Journal of the New Zealand Medical Association, 04-August-2006, Vol 119 No 1239
Comprehension of discharge information for minor head injury: a randomised controlled trial in New Zealand
Kim Yates, Andres Pena
Effective communication is an essential component of good medical care. Clear discharge information has been shown to improve compliance, improve patient satisfaction, and decrease unplanned representations to emergency departments (EDs).1–3
Past studies in American EDs have highlighted a disparity between the readability of written discharge instructions and patient literacy levels.4–6 For example, in one study, discharge instructions required reading levels of 8th to 14th grade, while 45% of patients had measured reading levels of 9th grade or below.6 Indeed, simplification or standardisation of discharge instructions has been shown to improve comprehension.1,7
Figure 1. ACC head injury advice sheet
Figure 2. North Shore Hospital head injury advice sheet
In New Zealand, the Accident Compensation Corporation (ACC), the nation’s no-fault accident insurance scheme, had developed a head injury advice sheet, which was commonly given out to patients discharged from EDs with a head injury (Figure 1).
Although the ACC form scored at 4th grade using the Flesch Reading Grade level (Microsoft Word), it was felt to be difficult to read by staff, and thus a simplified head injury advice sheet was developed (Figure 2).
The goals of this study were to investigate the health literacy of emergency medicine patients in our population, to compare the comprehension of the ACC head injury advice sheet with the simplified sheet, and to investigate factors affecting comprehension.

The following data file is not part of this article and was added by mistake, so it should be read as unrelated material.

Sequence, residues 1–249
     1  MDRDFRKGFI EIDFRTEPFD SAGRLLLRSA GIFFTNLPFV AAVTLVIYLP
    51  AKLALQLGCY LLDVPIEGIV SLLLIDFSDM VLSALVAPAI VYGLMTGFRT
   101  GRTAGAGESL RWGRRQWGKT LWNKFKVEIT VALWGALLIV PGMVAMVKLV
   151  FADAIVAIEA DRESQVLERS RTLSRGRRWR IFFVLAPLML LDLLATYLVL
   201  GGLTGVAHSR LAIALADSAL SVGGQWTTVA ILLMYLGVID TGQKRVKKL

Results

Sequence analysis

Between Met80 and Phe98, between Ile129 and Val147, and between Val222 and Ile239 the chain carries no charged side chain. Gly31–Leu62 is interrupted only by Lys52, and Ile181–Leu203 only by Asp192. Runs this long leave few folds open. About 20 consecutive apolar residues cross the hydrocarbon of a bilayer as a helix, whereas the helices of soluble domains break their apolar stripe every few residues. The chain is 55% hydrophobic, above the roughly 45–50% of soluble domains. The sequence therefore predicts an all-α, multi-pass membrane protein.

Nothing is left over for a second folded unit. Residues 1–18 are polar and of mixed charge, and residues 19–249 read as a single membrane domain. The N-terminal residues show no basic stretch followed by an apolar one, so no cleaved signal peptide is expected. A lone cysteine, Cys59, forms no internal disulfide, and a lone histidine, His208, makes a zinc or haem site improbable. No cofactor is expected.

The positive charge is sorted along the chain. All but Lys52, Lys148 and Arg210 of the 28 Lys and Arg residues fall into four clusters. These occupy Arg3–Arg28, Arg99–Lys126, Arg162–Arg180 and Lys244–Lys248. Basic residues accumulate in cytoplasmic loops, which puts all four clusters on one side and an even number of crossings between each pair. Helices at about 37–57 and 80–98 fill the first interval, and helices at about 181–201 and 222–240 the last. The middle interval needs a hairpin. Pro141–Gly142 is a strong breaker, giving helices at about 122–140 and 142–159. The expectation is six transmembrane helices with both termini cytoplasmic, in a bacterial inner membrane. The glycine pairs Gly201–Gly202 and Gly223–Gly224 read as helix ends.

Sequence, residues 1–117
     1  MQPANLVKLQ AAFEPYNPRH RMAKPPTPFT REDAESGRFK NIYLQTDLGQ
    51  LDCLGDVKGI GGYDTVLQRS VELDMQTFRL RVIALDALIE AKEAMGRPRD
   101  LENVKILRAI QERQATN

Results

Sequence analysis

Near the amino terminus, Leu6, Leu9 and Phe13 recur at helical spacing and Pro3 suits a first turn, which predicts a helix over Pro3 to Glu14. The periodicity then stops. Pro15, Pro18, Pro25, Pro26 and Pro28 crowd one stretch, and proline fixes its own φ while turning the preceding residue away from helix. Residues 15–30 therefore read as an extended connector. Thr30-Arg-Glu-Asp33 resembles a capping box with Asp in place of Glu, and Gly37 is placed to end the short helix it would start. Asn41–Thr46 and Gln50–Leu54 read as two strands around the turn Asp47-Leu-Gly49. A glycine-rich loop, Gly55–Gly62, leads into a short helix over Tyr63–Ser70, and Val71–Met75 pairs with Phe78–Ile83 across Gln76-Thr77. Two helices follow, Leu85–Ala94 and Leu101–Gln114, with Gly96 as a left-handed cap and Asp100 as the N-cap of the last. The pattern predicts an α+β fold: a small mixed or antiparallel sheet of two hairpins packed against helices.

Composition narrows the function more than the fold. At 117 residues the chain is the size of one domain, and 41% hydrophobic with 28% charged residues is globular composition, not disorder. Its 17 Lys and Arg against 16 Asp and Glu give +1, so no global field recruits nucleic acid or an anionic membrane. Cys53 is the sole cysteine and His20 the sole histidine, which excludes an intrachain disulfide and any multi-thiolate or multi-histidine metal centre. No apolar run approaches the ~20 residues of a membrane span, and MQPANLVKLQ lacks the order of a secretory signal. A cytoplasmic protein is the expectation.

The study was a prospective randomised controlled trial, reviewed, and approved by Auckland Ethics Committee Y. A convenience sample of adult patients meeting inclusion and exclusion criteria that consented to participate were randomised, using an opaque envelope method, either to the group given ACC head injury advice sheet to read, or to the group given the simplified sheet developed by the Department of Emergency Medicine. Comprehension of the head injury advice was then assessed, an estimation of health literacy made, and demographic data collected.
The study was conducted at North Shore Hospital, an urban district hospital serving a population of around 470,000 in 2003. The annual Emergency Department census is approximately 42,000, with 27,000 self-referral patients presenting to Emergency Medicine and the rest, referrals by general practitioners to inpatient services.
From August to December 2003, Emergency Medicine patients aged 15 years or more, presenting on study shifts, were invited to participate. Study shifts were a mixture of days, afternoons, and weekends. Patients were excluded if they were unable to comprehend spoken or written English, if they had severe illness or pain, if they were triaged as needing to be seen immediately, if they had a significant eye condition or complaint, or if their corrected visual acuity was less than font size 10. During the consent process, words such as “literacy” and “test” were specifically avoided.
Following randomisation, participants were given 5–10 minutes to read their allocated head injury advice sheet, either the ACC form (Figure 1) or the simplified form (Figure 2). Readability scores (Readability Calculations, Micro Power & Light Co, Texas, USA) for both forms were similar (Flesch-Kincaid & Powers 4th grade, Dale-Chall 6th, FOG 7th, SMOG 8th)—but the ACC form had 750 words and the simplified form had 371 words.
Following the reading time, the participant was interviewed by a researcher, using a data collection sheet that included a script to standardise the interviews. Participants were asked 10 questions to assess comprehension of the advice sheet (Figure 3), and were able to refer to their sheet at any time.